GoPro, GoPro Culture, corporate governance mechanisms, social responsibility, structure financial, revival of the company
GoPro was founded in 2002 by Nick Woodman, a snowboarder, skier and motorsport enthusiast looking for a better way to film himself and his friends on the water. The idea, which started with a 35 mm camera and a wrist strap made from old diving suits and bits of plastic, grew into the international company that has sold over 26 million GoPro cameras in over 100 countries.
GoPro wants to give its users the keys to celebrate the moment and invites the world to join in. From cameras to applications and accessories, everything is designed to help the customer capture the moment and share its experiences.
[...] It fragilized the position of GoPro's shareholders and may have tarnished the financial image of the company. It has also favoured the investment of various private funds in the group such as Prentice Capital Management, which owns of the shares, the Vanguard Group ( 8.2 or the biggest one, BlackRock Fund Advisors ( 2.9 This kind of investment may turn the company to a business model focused on rentability and not turned on the basic culture model developed first. Hence, GoPro has known a redundancy plan in April 2020, supported by the Covid-19 crisis. [...]
[...] Indeed, customers have become true ambassadors of the brand and do not hesitate to send their own videos to GoPro to be used in its advertising. In short, it is its young clients who promote the cameras through their videos. The company clearly has a large number of ‘anonymous' people who communicate on a voluntary basis. Originally GoPro's communication was by word of mouth. Then as it developed, people who filmed themselves posted their exploits on YouTube or Vimeo type platforms. [...]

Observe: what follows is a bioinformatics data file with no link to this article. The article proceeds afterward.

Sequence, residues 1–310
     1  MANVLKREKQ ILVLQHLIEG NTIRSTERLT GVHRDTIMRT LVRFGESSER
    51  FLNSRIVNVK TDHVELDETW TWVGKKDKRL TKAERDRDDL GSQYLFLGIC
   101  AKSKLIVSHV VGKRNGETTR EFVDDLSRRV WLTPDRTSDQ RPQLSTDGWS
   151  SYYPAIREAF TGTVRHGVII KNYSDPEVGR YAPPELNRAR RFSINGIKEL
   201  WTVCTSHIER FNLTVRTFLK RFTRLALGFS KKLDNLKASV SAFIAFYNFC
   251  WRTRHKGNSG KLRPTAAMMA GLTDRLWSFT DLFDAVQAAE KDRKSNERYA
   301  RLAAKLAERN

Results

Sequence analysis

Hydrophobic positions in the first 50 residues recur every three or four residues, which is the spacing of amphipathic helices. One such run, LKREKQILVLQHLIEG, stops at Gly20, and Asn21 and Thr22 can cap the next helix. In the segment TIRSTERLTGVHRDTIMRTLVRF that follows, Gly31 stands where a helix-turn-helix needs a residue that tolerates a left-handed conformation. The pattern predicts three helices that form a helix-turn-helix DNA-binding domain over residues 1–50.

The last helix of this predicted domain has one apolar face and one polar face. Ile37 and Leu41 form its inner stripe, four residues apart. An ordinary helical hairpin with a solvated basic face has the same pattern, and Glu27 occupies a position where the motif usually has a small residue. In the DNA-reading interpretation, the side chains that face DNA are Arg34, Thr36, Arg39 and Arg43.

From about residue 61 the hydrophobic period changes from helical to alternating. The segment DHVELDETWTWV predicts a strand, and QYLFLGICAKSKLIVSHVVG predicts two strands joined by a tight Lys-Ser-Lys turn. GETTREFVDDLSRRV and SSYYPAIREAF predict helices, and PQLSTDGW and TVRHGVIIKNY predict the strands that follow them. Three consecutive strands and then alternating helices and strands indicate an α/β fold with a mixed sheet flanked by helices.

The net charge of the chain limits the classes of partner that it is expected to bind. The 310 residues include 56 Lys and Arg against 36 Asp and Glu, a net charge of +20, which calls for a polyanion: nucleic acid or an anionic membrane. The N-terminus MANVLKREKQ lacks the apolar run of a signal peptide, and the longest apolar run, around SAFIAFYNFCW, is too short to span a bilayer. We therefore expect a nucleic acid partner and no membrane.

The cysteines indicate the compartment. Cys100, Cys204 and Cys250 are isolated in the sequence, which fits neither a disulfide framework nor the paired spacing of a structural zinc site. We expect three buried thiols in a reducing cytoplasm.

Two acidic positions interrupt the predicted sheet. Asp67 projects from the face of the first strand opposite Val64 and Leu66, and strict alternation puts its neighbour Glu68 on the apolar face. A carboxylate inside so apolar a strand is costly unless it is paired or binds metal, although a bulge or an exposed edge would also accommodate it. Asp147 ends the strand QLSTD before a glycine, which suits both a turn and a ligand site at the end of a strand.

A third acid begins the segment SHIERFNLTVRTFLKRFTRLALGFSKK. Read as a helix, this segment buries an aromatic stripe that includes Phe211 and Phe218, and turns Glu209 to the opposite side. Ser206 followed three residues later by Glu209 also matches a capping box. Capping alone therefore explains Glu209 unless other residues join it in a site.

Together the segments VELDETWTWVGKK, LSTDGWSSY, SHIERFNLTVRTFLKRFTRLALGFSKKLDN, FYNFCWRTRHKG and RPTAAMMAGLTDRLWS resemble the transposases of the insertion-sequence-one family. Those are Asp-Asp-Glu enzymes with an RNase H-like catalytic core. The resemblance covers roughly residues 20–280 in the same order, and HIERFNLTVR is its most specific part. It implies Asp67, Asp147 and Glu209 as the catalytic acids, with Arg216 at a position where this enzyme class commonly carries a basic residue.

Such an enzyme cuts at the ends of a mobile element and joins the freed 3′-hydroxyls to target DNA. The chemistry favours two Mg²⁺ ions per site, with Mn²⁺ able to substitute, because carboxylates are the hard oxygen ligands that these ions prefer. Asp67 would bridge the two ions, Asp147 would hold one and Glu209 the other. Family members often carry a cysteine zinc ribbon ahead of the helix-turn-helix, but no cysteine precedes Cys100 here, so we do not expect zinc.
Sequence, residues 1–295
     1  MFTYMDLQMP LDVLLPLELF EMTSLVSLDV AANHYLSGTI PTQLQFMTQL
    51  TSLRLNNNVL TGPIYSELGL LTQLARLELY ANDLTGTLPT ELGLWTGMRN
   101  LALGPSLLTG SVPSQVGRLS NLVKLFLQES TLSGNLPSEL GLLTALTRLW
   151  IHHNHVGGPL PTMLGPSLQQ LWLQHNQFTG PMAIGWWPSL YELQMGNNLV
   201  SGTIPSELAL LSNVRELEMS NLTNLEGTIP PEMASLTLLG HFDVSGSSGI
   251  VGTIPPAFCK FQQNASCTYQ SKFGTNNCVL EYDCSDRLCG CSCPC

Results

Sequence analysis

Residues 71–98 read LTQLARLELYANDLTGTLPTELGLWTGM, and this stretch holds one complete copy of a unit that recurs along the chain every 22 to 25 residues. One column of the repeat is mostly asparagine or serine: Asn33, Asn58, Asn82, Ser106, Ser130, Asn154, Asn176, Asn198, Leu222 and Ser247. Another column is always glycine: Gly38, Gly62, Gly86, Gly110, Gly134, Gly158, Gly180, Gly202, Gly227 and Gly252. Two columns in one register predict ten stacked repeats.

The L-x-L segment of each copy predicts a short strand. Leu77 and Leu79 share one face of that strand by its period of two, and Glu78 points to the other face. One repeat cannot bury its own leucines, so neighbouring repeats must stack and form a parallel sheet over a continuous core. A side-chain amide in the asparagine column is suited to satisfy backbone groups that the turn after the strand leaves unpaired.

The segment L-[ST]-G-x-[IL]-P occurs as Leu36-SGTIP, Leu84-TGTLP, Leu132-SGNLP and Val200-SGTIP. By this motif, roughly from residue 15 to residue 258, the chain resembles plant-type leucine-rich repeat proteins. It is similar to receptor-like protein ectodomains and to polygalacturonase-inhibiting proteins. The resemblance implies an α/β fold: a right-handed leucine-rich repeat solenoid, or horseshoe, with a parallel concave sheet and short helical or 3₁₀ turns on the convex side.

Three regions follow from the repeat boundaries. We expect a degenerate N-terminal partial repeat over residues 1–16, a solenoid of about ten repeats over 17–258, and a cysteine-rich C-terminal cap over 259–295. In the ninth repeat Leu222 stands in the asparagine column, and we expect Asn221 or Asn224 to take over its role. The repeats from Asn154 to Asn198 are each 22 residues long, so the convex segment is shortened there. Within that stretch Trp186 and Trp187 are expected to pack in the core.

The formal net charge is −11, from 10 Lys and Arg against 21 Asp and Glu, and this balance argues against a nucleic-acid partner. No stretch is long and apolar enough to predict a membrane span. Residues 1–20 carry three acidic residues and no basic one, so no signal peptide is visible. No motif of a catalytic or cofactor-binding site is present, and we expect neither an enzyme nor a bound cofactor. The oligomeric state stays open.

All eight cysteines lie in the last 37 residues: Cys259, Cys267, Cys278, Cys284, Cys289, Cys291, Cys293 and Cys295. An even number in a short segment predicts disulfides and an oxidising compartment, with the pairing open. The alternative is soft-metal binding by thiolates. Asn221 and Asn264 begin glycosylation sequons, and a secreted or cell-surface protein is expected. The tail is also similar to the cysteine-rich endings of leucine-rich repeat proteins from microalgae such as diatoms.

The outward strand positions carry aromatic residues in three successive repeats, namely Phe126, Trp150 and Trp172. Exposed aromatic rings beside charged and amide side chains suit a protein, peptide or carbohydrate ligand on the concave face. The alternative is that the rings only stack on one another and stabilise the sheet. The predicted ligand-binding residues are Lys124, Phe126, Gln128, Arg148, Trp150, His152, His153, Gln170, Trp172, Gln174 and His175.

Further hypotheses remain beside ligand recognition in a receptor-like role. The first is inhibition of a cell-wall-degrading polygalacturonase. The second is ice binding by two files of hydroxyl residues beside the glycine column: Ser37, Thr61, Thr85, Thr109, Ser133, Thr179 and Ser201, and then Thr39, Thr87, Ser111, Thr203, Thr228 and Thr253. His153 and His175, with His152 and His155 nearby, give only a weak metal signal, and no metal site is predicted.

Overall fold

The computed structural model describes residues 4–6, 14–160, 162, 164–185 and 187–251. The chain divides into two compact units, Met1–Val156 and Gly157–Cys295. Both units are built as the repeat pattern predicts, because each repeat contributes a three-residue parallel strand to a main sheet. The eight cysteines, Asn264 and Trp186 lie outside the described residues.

[...] Facing this, the current trend in governance is to involve stakeholders to a greater extent in an attempt to build a genuine relationship of trust with the company. However, this trust can only be built up with a higher level of transparency, i.e. with this obligation to be ‘accountable'. A good example is the preparation of annual sustainability reports; companies are beginning to involve stakeholders more in the actual preparation of these reports, which inevitably increases the level of transparency. [...]
[...] At the same time, GoPro ended the year with over $200 million in revenue. It most has double in 2012 with over $500 million in revenue. The trend continues in 2013, to $ 985.7 million. Its revenue peaked in 2015, at $ 1.62 billion, an increase of The corporate governance has inspired from the regular company model. GoPro has implemented a clear composition of its board: 10 people take place on the board with the founder Nicholas Woodman, Chief Executive Officer and Chairman, as its top. [...]
[...] Like Mr. Woodman, the members of the board of directors have also refused to receive their salaries until the situation improves. Then, the company is now moving towards a model of direct sales to consumers on the brand's e-commerce site. For the financial advisor, a more direct selling approach is more in line with the current economic climate, more favourable to GoPro's average selling price and gross margins, and puts the company in a good position for when consumer demand begins to normalise. [...]
using our reader.